Alec Udell Approaches Street Courses with Engineer’s Mind
April 4, 2017 | Long Beach, California | Alec Udell opened the 2017 Pirelli World Challenge (PWC) season with twin GTA class victories on the St. Petersburg street course. Now, the native of The Woodlands, Texas travels across the continent to Long Beach, California where the Pacific Ocean and concrete walls will greet the Clemson University student. While Porsches are a familiar sight on the streets of SoCal that does not mean these public roads are made for racing. They provide a unique challenge to drivers, mechanics and engineers. For Udell – who enters Round Three of North America’s premier sprint racing format for GT cars having just been moved into the highest category for professional drivers (GT class) by virtue of his performance in the opening weekend in the GT Amateur (GTA) class – it is a contest of mechanical wit and driver willingness, both things at which he excels. Udell will take the No. 17 Euroworld Motorsports/GMG Porsche 911 GT3 R to the street for a single 50-minute battle on April 9.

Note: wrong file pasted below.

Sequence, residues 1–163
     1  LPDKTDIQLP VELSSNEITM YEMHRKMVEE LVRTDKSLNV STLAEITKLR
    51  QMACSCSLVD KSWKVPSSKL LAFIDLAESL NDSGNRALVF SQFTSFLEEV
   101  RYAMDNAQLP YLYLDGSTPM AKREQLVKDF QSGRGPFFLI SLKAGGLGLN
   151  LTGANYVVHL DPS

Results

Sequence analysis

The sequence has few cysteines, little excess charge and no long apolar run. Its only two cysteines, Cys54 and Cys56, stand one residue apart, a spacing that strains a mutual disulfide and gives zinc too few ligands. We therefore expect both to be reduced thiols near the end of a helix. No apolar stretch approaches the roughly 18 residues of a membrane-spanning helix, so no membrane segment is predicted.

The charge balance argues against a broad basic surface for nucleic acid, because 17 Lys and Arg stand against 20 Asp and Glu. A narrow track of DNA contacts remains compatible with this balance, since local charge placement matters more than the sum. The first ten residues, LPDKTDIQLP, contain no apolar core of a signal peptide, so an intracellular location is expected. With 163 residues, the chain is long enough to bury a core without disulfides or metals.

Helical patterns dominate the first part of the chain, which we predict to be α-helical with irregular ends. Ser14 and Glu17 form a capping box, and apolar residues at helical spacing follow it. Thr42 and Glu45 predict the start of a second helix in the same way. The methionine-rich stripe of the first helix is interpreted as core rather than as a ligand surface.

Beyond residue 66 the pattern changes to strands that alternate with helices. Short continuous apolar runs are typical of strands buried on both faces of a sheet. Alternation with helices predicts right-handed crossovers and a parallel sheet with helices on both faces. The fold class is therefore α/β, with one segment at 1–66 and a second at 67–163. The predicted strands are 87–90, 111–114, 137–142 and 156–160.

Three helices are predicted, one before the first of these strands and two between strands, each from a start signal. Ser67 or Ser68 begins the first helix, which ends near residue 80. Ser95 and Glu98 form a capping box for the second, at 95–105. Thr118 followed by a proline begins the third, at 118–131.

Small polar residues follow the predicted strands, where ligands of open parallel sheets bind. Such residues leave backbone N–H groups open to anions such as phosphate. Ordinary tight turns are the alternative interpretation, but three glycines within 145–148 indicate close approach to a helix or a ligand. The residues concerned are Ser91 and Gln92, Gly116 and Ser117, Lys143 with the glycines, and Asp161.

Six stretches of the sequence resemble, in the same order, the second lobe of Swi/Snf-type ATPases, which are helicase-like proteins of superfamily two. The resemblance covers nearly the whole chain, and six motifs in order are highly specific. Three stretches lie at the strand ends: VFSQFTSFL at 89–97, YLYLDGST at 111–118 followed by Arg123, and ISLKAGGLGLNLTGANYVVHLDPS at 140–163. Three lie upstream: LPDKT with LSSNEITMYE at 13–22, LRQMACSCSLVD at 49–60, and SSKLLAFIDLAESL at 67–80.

While the Euroworld Motorsports 911 GT3 R is based on a street-going model that does not mean that piloting the car on the streets is like driving a built-for-the-road 911. Driving a car developed to challenge the great racetracks of the world is a different challenge when facing the compromises that must be made to overcome the narrow, barrier-lined circuit that the public uses every other day of the year. The surface often transitions between concrete to asphalt, oil laid down from hours of rush hour traffic and distortions to pavement created by large trucks are all magnified in cars with little ride height or suspension travel. The crest on the roads themselves – developed to drain water – become launching ramps for the low-slung, high-speed racers.